Darell Huff wrote in his 1954 book 'How to Lie with Statistics', "If you torture the data long enough, it will confess to anything". I am about to do just that with the Volatility Index.
The VIX indicator is one of the tools used to gauge fear. By measuring the implied volatility of the S&P 500 index options, the VIX tells us the market's expected volatility over the next 30 days. When the VIX (^VIX - News) rises, expected volatility of the S&P 500 index (^GSPC - News) rises, and when the VIX falls, expected volatility of the index also falls. Often a rise in the VIX corresponds to a fall in the S&P 500 as volatility is associated with falling markets more than rising markets.
Before the mid 2000's, the market relied on the VXO (^VXO - News), which measured volatility of the S&P 100 options (^OEX - News) to gauge fear. This indicator is still around, but less popular than the VIX which focuses on the S&P 500. The Nasdaq 100 also has its own volatility index, the VXN (^VXN - News)
Tricks with the VIX
The VIX typically performs opposite of the S&P 500 and bottoms when the markets are topping and tops when the markets are bottoming. This is shown below with a standard long-term chart of the VIX index compared to the S&P 500.
But, having the VIX and the S&P inversely correlated with one bottoming while the other is topping can be confusing and counter-intuitive. Luckily we can look at the VIX differently.
The VIX Flip
One way to analyze negatively correlated assets such as the S&P (SPY - News) and VIX is to invert one of them. To do this we simply make the VIX a fraction and plot it alongside the market. The chart below provided in our ETF Technical Forecast on 02/24, just before the VIX rallied 34% on 2/25, shows that result, the flipped VIX.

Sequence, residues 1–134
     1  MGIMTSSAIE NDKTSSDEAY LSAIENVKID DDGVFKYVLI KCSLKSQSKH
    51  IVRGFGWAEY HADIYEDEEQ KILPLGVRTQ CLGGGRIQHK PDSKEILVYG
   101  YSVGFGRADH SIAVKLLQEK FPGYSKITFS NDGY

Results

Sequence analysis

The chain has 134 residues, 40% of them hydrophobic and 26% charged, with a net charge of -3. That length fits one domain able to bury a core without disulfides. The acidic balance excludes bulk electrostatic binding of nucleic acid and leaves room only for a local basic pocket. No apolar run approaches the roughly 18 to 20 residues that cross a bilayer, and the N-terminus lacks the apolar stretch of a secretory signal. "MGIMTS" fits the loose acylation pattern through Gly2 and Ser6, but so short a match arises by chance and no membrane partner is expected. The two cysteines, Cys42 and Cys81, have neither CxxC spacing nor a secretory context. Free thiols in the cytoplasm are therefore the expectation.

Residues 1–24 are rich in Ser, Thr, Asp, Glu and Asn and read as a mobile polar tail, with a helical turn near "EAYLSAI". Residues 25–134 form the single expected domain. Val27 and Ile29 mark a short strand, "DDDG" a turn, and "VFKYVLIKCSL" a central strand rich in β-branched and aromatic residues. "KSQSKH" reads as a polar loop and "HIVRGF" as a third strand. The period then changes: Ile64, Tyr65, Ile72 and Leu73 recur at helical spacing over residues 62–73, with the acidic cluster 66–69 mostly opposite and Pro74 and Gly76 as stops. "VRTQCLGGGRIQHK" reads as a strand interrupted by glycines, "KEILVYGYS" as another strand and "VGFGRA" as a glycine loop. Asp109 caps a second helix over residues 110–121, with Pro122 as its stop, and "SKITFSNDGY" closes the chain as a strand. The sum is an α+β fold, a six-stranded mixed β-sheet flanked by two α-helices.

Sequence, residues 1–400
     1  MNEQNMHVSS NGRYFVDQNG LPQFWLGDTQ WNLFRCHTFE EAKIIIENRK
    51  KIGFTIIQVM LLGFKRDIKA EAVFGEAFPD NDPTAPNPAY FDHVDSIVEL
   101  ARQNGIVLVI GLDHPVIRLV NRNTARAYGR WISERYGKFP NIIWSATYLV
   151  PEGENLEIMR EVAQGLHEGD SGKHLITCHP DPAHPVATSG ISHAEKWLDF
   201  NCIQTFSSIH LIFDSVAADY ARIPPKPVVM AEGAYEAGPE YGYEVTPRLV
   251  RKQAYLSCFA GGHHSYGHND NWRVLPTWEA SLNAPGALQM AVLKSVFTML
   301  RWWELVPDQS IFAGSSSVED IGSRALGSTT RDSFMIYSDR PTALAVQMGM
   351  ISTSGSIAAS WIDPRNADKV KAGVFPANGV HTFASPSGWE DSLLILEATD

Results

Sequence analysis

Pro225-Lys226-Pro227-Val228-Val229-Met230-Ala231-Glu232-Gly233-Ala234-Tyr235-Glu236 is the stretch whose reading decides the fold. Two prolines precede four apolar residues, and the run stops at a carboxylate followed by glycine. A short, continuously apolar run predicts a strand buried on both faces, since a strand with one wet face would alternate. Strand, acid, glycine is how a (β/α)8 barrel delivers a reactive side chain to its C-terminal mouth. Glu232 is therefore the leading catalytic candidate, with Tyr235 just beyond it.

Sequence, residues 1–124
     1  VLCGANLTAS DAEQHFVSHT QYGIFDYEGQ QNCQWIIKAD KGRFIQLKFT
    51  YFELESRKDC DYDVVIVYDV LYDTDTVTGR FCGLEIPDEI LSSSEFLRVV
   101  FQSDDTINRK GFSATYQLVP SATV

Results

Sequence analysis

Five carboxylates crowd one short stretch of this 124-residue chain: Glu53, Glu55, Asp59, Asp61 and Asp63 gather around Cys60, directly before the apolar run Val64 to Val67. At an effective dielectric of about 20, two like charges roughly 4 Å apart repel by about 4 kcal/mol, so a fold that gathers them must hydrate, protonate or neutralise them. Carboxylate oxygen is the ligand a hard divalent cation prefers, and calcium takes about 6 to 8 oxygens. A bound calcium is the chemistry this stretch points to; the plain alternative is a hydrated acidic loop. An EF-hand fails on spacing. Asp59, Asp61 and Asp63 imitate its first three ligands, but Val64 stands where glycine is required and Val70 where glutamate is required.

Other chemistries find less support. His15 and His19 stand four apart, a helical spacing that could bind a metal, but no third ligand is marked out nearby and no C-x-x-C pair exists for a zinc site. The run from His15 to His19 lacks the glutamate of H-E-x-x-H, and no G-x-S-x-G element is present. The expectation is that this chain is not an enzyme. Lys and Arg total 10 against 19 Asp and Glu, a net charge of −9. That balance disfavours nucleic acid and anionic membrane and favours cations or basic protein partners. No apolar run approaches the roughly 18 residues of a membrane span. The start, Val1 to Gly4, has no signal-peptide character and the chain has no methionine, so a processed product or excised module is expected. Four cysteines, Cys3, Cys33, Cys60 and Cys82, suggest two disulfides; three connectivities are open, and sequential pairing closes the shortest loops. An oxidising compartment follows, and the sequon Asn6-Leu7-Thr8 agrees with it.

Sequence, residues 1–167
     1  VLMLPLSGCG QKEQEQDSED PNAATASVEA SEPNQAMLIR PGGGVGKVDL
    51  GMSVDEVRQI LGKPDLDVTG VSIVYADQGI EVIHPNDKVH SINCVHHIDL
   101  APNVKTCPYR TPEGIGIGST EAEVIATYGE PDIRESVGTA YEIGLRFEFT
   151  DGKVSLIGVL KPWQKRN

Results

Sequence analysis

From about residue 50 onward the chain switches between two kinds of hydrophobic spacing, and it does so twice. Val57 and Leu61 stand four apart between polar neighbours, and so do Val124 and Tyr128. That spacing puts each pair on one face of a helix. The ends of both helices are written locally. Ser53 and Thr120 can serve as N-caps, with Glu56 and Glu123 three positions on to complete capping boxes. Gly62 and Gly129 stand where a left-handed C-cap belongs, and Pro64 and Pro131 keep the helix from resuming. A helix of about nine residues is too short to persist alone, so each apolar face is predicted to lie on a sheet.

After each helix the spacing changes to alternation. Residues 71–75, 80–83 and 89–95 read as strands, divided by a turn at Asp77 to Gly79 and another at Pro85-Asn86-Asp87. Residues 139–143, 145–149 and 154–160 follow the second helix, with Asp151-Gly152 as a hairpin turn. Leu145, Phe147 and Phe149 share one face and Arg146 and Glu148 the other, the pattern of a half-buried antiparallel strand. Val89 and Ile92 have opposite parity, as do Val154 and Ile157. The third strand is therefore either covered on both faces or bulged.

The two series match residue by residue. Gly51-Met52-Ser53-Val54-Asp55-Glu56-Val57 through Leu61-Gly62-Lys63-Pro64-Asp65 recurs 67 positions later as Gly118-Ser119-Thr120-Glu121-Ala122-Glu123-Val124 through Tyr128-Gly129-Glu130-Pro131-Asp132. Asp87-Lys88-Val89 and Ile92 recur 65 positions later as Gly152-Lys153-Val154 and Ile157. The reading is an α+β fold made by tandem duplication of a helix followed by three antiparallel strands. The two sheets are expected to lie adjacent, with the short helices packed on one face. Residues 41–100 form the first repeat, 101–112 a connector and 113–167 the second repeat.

This chart now allows the VIX to move in the same direction as the S&P to better compare them apples to apples.
What is the Flipped VIX Telling Us?
The S&P is shown in red and the inverted VIX in black. It is easier to see on the second "flipped" chart how the inverse VIX tops and bottoms follow alongside the S&P's very closely.
Using these techniques, along with other technical and sentiment indicators, helped us see some great VIX buying opportunities that we outlined in an article on 2/06 (here) with the VIX below the 13 level. We reiterated on 2/10 to subscribers in our Technical Forecast to continue to hedge downside risk by buying VIX call options. "The VIX still looks to be forming a base and given our overall expectations of an eventual market decline and cheap cost of protection, in the money VIX calls remain good for hedging positions."
The VIX call options suggested more than doubled as the VIX rallied as high as 19 and still remains up over 20% from its mid-February low levels.
Currently, shown by the black dashed trendline in the "flipped" chart above, the inverse VIX was not making new highs, even though the market was. That was one sign the VIX was showing relative strength and a better candidate to hedge your portfolio.
Currently we are watching a key trendline that will keep the VIX long trade intact. We also continue to watch the flipped VIX for continued signs of relative strength. For now, VIX call options remain the prefered candidate in hedging your portfolio's downside risk.
The VIX (and inverse VIX) is another tool to have in the toolbox. Some ETFs that can be used to take advantage of short-term VIX trades are the ProShares VIX Short-Term Futures ETF (VIXY - News), the ProShares Short VIX Short-Term Futures ETF (SVXY - News), and the ProShares Ultra VIX Short-Term Futures ETF (UVXY - News). But, levered exchange-traded products have many risks associated with them which is why we prefer the purer VIX play of using options contracts.
Tools such as the inverse VIX can help us identify trends and setups that otherwise may be missed with traditional analytical tools. In the ETF Profit Strategy Newsletter and technical forecast update we examine the VIX and other asset classes in detail to identify high probability trading setups every Sunday and Wednesday night.
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